Three Massachusetts Democrats Running for Congress Endorse Hate Speech Restrictions

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It’s commonplace for Democratic politicians to support gun control, which gun rights advocates see as a restriction on their Second Amendment rights. But what about the First Amendment?

During a Democratic primary Zoom debate among candidates running for a U.S. House seat in Massachusetts’s Fourth Congressional District on Wednesday night, three candidates came out in favor of restricting what courts currently consider free speech in the United States of America.

Nine Democrats are running to replace U.S. Representative Joseph P. Kennedy III (D-Newton) in the Fourth, an odd-shaped district that resembles West Virginia. It includes Brookline in the northeast, Hopkinton in the northwest, and it runs as far south as Somerset. 

The debate Wednesday, July 29, sponsored by Milford TV, was split into two parts, featuring five candidates in the first half and four in the second. During the second half, the moderator asked a user-submitted question asking if the four candidates would support hate speech laws, as exist in Europe, to combat racism, anti-Semitism, xenophobia, and Islamophobia.

One candidate asked — Newton City Councilor Jake Auchincloss — didn’t directly answer the question.

The other three candidates — Jesse Mermell, a Brookline selectman, who previously served as a senior advisor to then-governor Deval Patrick and as vice president for external affairs for Planned Parenthood League of Massachusetts; Natalia Linos, a Brookline resident and the executive director of the FXB Center for Health and Human Rights at Harvard; and former civil litigator Ben Sigel — said they are in favor of the idea.

Sigel was the first to come out in favor of it.

 “We need to pass tougher hate crime legislation including the anti-lynching legislation, we have to pass the no hate act as well,” he said, “so that we can start collecting hate crimes data…we need to prosecute our hate crimes as well.”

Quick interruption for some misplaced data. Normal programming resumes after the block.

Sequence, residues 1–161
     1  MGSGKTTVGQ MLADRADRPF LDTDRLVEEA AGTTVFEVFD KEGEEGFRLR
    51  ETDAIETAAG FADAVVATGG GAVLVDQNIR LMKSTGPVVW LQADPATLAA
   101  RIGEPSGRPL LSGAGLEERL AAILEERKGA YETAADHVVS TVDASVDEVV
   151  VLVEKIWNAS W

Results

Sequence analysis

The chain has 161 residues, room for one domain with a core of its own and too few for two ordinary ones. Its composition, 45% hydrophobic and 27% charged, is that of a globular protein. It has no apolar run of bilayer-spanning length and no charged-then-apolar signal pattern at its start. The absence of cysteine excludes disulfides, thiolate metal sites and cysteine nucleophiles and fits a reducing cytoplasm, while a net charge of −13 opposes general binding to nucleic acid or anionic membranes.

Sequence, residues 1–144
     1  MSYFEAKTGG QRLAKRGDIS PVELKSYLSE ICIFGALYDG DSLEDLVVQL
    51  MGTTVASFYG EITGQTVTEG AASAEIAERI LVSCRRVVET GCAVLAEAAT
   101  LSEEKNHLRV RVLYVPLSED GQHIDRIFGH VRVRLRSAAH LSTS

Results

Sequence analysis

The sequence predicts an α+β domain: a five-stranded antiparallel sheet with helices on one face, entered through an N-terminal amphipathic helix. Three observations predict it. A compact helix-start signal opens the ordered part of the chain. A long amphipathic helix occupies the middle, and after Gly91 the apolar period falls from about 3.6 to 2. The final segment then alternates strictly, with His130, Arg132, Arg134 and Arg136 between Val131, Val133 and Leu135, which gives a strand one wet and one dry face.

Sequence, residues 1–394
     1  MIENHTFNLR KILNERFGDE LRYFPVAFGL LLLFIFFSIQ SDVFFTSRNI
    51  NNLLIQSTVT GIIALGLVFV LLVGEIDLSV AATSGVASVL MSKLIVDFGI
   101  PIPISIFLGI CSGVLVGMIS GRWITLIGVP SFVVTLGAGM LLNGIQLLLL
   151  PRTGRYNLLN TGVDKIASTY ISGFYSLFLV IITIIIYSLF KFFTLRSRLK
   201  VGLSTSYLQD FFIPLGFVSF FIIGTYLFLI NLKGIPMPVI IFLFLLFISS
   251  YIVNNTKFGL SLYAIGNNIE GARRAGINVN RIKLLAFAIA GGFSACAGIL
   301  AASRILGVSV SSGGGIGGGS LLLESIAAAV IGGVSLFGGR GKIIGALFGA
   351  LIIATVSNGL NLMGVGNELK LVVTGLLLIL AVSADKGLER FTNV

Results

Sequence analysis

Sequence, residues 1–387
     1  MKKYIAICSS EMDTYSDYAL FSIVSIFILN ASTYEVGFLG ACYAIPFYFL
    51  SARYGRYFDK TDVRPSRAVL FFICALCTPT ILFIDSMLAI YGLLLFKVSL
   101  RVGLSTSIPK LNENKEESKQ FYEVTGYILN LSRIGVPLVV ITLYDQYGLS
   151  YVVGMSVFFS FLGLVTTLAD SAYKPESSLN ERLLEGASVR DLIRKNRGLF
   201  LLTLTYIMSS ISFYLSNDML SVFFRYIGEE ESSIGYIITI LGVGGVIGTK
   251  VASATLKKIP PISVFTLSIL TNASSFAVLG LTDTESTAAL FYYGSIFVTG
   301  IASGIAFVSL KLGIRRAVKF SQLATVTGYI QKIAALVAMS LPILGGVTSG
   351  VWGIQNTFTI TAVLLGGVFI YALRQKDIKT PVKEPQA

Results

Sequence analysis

“I am not just talking about it, I’ve been in the trenches fighting BDS for the last 20 years, it’s something I feel very strongly about.”
On Friday morning, a spokesperson for Sigel’s campaign clarified to New Boston Post in an email that Sigel was referring to hate speech here, writing, “Ben Sigel has absolutely committed to passing legislation that tackles hate speech.”

Then Mermell came out in favor of it. 

“We absolutely need to make sure we’re passing legislation that tackles hate speech,” she said. “As someone who grew up as the product of interfaith marriage, I have a Jewish father and a Catholic immigrant mother in rural Pennsylvania, I am unfortunately no stranger to anti-Semitism. I absolutely oppose BDS and support HR246. It’s a very important stance that we have to take.”

H.Res.246, which all four candidates in the second half of the debate support, is a resolution introduced in the U.S. House of Representatives in March 2019 condemning support for BDS — those who advocate for boycotting, divesting from, and sanctioning Israel.

Mermell continued: